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Trouts Journal

Trouts Guide Service Report: 10/13

Ivan Orsic / Oct 14, 2014

I had the pleasure of spending yesterday on the water with Gus and Alexa who were visiting from Los Angeles. Gus was already an accomplished fly fisherman, however this was Alexa's first day putting on waders and spending the day with a 5wt in hand. Additionally, Gus had never fly fished Colorado specifically. Long story short, all the ingredients were in place for a great day on the water. Even though Alexa had never fly fished, you never would have known it as she was the first one to put a fish in the net at our first stop of the day! In fairness though, I won't discredit Gus as he did have the first hookup of the day, a beautiful Brown trout that jumped several times before making a hard run dowstream and coming unbottoned. The action throughout the morning was slightly less than I had anticipated, however felt confident we would see more fish in the net as the day warmed and the bug life got more active. We did manage to stalk up on one fantastic Rainbow in the plus-20" category that was up shallow and feeding. Gus made several good shots at the giant fish but never found connection before she drifted back off into the depths. Nonetheless, it was still an awesome encounter and I was excited to show Gus the type of fish the South Platte is capable of producing.

Later in the morning, after switching locations, we had a brief flurry of a trico hatch and saw several fish beginning to show signs of actively feeding. Anyone who has ever fished Deckers will agree the fish can get downright fickle sometimes. I had a lot of confidence going into the afternoon that this trico hatch might be exactly what the trout needed to get active (and hopefully stay active). As we fished on throughout the afternoon, we saw a pretty good Midge hatch, as well as a few Blue Winged Olives and even a couple PMD's fluttering around. While no hatch we experienced throughout the day was super thick, there was just enough bug life popping to keep the fishes attention. At one point during the afternoon, we stumbled onto a pod of fish actively sipping emergers off the surface. This instantly called for a ditching of the nymph rig in favor of dry flies. While we never got an actual eat on the dry fly, the Batwing Emerger trailing 24" off the back instantly tricked multiple fish. It was an action packed 30 mintues to say the least.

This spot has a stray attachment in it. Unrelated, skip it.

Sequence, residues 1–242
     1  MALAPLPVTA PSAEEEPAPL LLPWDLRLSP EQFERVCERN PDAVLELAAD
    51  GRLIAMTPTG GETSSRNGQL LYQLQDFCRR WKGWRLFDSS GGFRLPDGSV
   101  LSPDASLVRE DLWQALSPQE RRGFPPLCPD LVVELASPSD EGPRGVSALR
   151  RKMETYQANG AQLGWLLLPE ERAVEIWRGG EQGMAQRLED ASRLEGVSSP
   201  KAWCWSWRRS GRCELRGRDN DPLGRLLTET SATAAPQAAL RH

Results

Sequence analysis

Throughout the day, the fish that ate our nymph rigs never really focused in on one fly over the other. San Juan worms in both wine and brown, pure midges, nonbead pheasant tails, red and purple juju baetis, and flashback bwo emergers all caught fish. We focused on all different types of water from shallow riffles to deep green buckets. Flows were right around 100cfs but every type of water we checked seemed to be holding fish. It was simply one of those "cover water" days where throughout the day you're bound to stumble on a few active fish. Thankfully we did just that and Gus and Alexa made the most of their opportunities! Great job to both of them!

The fishing is still very good around the state and should stay that way for a while. If you've been thinking about getting one more guide trip in for the season give us a call! The crowds have noticeably subsided from the summertime craziness and the fall foliage, paired with the beautiful weather is making for some truly fantastic days on the water!

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